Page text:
Symptoms in Detail
One of the major side effects of menopause can be osteoporosis
- a serious health concern that can have an impact on a woman’s physical health causing chronic pain and broken bones.
What is Osteoporosis?
Osteoporosis (meaning porous bone) is a skeletal disease characterised by weakened bones and increased risk of bone fractures.
Bones are in a constant state of renewal but the process is regulated – among other things – by estrogen and vitamin D3. It’s a condition that’s inextricably linked to our hormones because menopausal estrogen decline mean its role in the turnover of bone is impaired. This culminates in bone loss and low bone mineral density.
The prevalence of osteoporosis is on the increase and affects more than half of women over 60. We lose bone mass two to four times faster after menopause – 10 percent of it in the first five years of post-menopause.
Osteoporosis can also be linked to issues with your gums and teeth such as bone loss post-menopause.
What can you do to help prevent this symptom?
Osteoporosis is believed to run in families and is a ‘silent disease’ so you may not know you have it. Women are far more likely to get osteoporosis than men and growing older is a risk factor. There are some steps you can take to help minimise your risk and the severity of the condition whether or not you have genetic links.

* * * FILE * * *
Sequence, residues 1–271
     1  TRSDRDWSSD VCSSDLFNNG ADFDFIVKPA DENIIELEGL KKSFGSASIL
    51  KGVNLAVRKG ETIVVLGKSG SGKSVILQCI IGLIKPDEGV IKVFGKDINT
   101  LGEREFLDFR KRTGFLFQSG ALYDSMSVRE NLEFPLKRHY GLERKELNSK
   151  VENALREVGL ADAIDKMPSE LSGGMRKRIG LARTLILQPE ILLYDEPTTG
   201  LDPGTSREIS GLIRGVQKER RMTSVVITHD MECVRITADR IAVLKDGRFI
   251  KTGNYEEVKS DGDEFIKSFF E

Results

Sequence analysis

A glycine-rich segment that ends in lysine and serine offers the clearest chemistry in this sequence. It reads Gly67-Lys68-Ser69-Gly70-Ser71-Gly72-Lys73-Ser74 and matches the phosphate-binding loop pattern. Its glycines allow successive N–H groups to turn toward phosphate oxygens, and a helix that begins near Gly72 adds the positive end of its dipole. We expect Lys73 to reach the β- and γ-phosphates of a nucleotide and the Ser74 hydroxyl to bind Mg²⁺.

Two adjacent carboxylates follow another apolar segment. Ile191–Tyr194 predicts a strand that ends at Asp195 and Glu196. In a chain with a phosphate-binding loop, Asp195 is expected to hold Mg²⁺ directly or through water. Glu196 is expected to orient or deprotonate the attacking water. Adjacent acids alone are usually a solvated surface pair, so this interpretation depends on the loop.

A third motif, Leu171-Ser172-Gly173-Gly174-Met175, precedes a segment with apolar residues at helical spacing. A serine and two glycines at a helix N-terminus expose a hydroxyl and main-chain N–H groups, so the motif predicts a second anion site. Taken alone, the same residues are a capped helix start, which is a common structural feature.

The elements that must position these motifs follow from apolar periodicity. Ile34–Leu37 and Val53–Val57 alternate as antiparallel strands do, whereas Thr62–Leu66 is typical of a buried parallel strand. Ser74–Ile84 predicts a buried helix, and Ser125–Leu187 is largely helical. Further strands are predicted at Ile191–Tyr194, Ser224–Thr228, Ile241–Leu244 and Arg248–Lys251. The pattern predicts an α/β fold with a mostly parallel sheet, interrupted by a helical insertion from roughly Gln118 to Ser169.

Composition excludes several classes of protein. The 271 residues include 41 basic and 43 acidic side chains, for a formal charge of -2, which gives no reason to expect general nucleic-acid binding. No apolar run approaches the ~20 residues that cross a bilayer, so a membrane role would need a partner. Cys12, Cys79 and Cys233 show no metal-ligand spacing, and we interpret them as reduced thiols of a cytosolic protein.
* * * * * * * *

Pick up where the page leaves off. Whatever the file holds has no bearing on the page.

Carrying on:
- Get a bone density (DEXA) scan.
- Partake in weight bearing exercise: walking, jogging, tennis.
- Resistance training with weights helps build bone strength.
- Ensure your calcium, magnesium and vitamin D levels are adequate.
- Magnesium helps the body absorb both calcium and vitamin D.
- Eat a diet rich in protein, vitamins C, D, K, calcium, magnesium and zinc.
- Foods high in calcium include seeds, almonds, tofu, soy milk, figs, edamame, kale, broccoli, sweet potato, sardines, salmon and if you can tolerate dairy and lactose cheese, milk and yoghurt.
- Avoid caffeine, salt and alcohol as it inhibits calcium absorption.
- If you smoke stop.
- Take 55+ as it contains EstroG-100™ for hormone balance and the added support of magnesium and vitamin D3.
Today we’re going to talk about bones. And more specifically osteoporosis, because it’s something that we all need to know about. Especially if we’re in pre-, peri- or post-menopause. If there’s one thing I’ve learned it’s that many of us are woefully uneducated when it comes to menopause and health. Particularly when it comes to
Magnesium. Also known as the ‘mighty mineral’, magnesium is vital to wellbeing which is why we’ve included it in 55+. In this story we’ve given you the lowdown on the magnesium we use in 55+. In addition, we’ve shared why we use marine magnesium. 1. Magnesium deficiency is common Worldwide, many people aren’t getting enough magnesium.
Know the 34 symptoms of menopause
Here are all of the documented symptoms of menopause you need to look out for: